It’s since been proven that athroscopic knee surgery provides no more relief than physical therapy or a placebo procedure.
Ronald P. Grelsamer, MD, writes in “What Your Doctor May Not Tell You About Knee Pain and Surgery” that MRI settings can make it look like everyone has a torn meniscus. But I saw the photos from the arthroscopy. My meniscus was totally ripped. I expected it to be mended, but no such luck.
I was pain free for a little while but not long. My bones were grinding each other down. It was osteoarthritis and I was developing a valgus deformity. When I stretched my leg straight out in front of me it veered off to the right at the knee. The rheumatologists and physiatrists were throwing up their hands and giving me orthopedist referrals. There could only be a surgical solution. I got a handicap placard for my car.
Knee Replacement Surgery
The surgeon told me I needed knee replacement but since total knee prostheses were only expected to last about 15 years, they did not want to implant one in a patient in her 40’s. Partial replacements were regarded as trash and not even considered. So they attempted less invasive measures.
It began with Synvisc, hyaluronic acid derived from rooster combs. A regimen of three injections spaced out over six weeks was supposed to replace the missing cushion of synovial fluid in the joint and reduce my discomfort. It was painful and ineffective.
Physical therapy was prescribed. I went again and again. On the side, I saw homeopaths, osteopaths, acupuncturists and chiropractors, a Rosen worker, a Heller worker and a Feldenkreis practitioner. I tried the candida diet and the elimination challenge diet. I eschewed nightshades and gluten. All to no avail.
My knee was always on fire. I couldn’t run, jump or dance. Couldn’t walk farther than a couple of blocks. I bought a set of Swedish walking poles and used them like crutches for trips home to New York. I kept a cane in the car and relied on it often. I hired a personal trainer with a master’s degree in physical therapy to treat me at home twice a week. For seven years.
The orthopod put me in an unloader brace, a bulky contraption of molded metal and plastic usually used for temporary support ahead of knee replacement. It cost the insurance company around $1,500. I wore it for five years.
Nothing changed. The knee kept hurting, the muscles didn’t grow. “Reflexive atrophy” the rheumatologist told me. Muscles around an inflamed joint shut down and don’t respond. So all of my lifting and squatting and stretching and agony resulted in a big nothing. By then I felt like a full-on invalid. I couldn’t do what other people did. I couldn’t travel or play sports. And that self-identification as disabled spread to all aspects of my life.
By the beginning of the 21st century, some improvements in surgery brought orthopedics out of the Middle Ages. Young surgeons were doing unicompartmental replacements. These partial knee devices were supposed to last 20 years and be easier than total knee replacements to revise if they failed. I started interviewing orthopedists. There would be no quick decisions this time. After half a dozen interviews, the first guy I met who was willing to do the operation could count his previous procedures on one hand. I politely declined.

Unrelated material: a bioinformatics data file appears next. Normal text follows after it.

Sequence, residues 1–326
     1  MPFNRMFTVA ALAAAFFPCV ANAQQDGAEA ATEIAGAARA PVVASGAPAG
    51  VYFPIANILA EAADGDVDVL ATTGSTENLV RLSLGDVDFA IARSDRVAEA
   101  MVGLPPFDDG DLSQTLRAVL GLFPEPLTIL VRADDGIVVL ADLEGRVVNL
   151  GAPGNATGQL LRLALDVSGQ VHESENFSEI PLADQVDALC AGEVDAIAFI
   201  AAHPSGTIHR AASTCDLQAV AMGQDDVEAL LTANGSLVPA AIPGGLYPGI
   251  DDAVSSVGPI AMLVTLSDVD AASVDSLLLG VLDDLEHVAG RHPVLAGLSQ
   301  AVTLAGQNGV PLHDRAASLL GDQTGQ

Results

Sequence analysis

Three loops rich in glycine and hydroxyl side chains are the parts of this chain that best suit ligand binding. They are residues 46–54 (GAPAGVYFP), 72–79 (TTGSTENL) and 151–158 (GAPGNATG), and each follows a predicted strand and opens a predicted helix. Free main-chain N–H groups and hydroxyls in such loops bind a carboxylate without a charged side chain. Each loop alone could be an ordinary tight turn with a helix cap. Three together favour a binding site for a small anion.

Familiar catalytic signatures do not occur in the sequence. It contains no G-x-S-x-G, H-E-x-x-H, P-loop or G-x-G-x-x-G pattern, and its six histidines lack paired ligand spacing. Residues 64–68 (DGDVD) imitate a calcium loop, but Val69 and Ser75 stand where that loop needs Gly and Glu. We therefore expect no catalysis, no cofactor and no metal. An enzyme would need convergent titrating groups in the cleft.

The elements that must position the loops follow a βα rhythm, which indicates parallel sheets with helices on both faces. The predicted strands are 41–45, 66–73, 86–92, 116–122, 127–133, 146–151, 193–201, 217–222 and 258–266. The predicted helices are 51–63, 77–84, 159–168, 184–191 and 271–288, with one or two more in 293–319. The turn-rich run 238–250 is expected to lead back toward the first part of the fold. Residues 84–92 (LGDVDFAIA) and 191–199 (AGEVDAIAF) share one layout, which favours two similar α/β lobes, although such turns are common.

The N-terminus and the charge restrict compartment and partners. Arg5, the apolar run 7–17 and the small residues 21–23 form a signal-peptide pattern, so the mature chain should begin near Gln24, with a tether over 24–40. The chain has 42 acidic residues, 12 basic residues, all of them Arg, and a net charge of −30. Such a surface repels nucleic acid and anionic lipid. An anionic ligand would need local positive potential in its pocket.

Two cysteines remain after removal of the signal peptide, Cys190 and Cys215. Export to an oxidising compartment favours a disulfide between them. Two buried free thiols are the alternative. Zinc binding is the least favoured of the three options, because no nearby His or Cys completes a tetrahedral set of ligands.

“If you want to go to the experts,” he told me, “you can contact…” and he named an orthopedist I’d consulted in Boston in the early 1980s. So I did. I still had his bill in a file and he found my records in his archive. I would have flown back to have surgery at Massachusetts General, but the doctor had trained a surgeon currently working in Santa Monica. Light at the end of the tunnel!
This fellow was also young but he was all over the partial knee. Did them all the time. He was also a renowned expert at revising other surgeons’ failed procedures. I had supreme confidence.
Walking Again Without Pain
The surgery was short and sweet. I was hospitalized over a weekend and then released home to my 3-story house. My first day back I was running up and down the stairs, doing laundry. For the first time in as long as I could remember I was feeling no pain. I could extend my leg out and it went mostly straight and it didn’t hurt at all. I was in heaven.
The physical therapist once again came to the house. This time I was determined I would comply. However we were both a little over-zealous and the resulting insult to my soft tissue set back my recovery by a few weeks. Other people have returned to work from this procedure after a week or two. I had to wait six. But I’m healed.
Now, my knee never hurts! I still don’t run or jump because I don’t remember how and neither do my muscles. Besides, I think the prosthesis will last longer without the stress. I have to take antibiotics before every dental appointment because apparently saliva bacteria can be deadly when you have metal parts. But I can walk again and without pain.
I set off airport metal detectors and always get patted down. I hope to live longer than my titanium knee, but if the prosthesis fails I am confident that the technology will exist to repair it.
The moral of this story is: don’t get arthroscopy. I can’t speak to surgical fracture reduction but I wish I’d had some. And always do your physical therapy exercises. Otherwise, it will all only get worse.
Linda Rubin is a multimedia web journalist with a long history in television news as an Emmy award winning video editor in Los Angeles and Boston. Linda developed and programmed a cable health channel near Boston and helped many government and social service agencies in New England figure out how to use their cable franchises to bring health and wellness information to their local constituents. Having experienced myriad orthopedic injuries, Linda has a special interest in bone and joint conditions as well as pain management.